Crystal won’t proceed with SS United States revival

Crystal won’t proceed with SS United States revival

Photo Credit: SS United States Conservancy

Crystal Cruises said it won’t proceed with a proposed renovation of the
SS United States, the legendary 1952 liner that held the record for the fastest
transatlantic crossing.

The
ship last sailed in the 1960s and has been docked immobile in Philadelphia for
years.

In
February, Crystal received an exclusive option from the SS United States
Conservancy to study whether the liner could be revived as a working cruise
ship. After
completing the study, Crystal concluded that it would not be “technically
or commercially responsible” to go any further with the project.

In particular, while the study concluded that
the ship’s hull is sound, “modifying the ship for today’s standards for
oceangoing service would require significant changes to the hull that
would pose stability challenges,” the study said.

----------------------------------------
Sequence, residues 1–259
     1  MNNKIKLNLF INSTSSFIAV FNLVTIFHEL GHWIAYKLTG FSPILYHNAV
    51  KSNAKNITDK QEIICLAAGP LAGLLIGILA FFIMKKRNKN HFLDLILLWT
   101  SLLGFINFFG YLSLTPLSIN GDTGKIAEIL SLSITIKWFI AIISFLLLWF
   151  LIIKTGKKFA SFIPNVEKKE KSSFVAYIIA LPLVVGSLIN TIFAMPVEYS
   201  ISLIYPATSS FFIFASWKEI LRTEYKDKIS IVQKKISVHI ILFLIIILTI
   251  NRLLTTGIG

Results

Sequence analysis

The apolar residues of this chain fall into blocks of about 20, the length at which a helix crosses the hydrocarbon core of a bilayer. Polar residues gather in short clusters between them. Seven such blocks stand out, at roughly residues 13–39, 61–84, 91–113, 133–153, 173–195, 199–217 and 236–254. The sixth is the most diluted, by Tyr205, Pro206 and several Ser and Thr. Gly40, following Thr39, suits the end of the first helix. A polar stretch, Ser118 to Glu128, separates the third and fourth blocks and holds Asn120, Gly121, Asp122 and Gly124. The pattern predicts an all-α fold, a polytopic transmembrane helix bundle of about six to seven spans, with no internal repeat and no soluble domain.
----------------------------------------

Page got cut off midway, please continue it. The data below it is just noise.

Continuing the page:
Also, installing modern diesel electric
propulsion would require cutting down the shaft lines from four to two and result
in the need to rebuild about 25% of the hull, the study said.

“While it was known that the vessel would need
to have been essentially rebuilt from the inside out, these specific
challenges, among others, collectively posed significant risk to the success of
the project,” it said.

Crystal said it will make a $350,000 donation
to the conservancy to support the vessel’s preservation. Conservancy executive
director Susan Gibbs said it was grateful for Crystal’s hard work on the ship’s
behalf, and that it would immediate restart its aggressive outreach to
qualified developers to secure the ship’s future.

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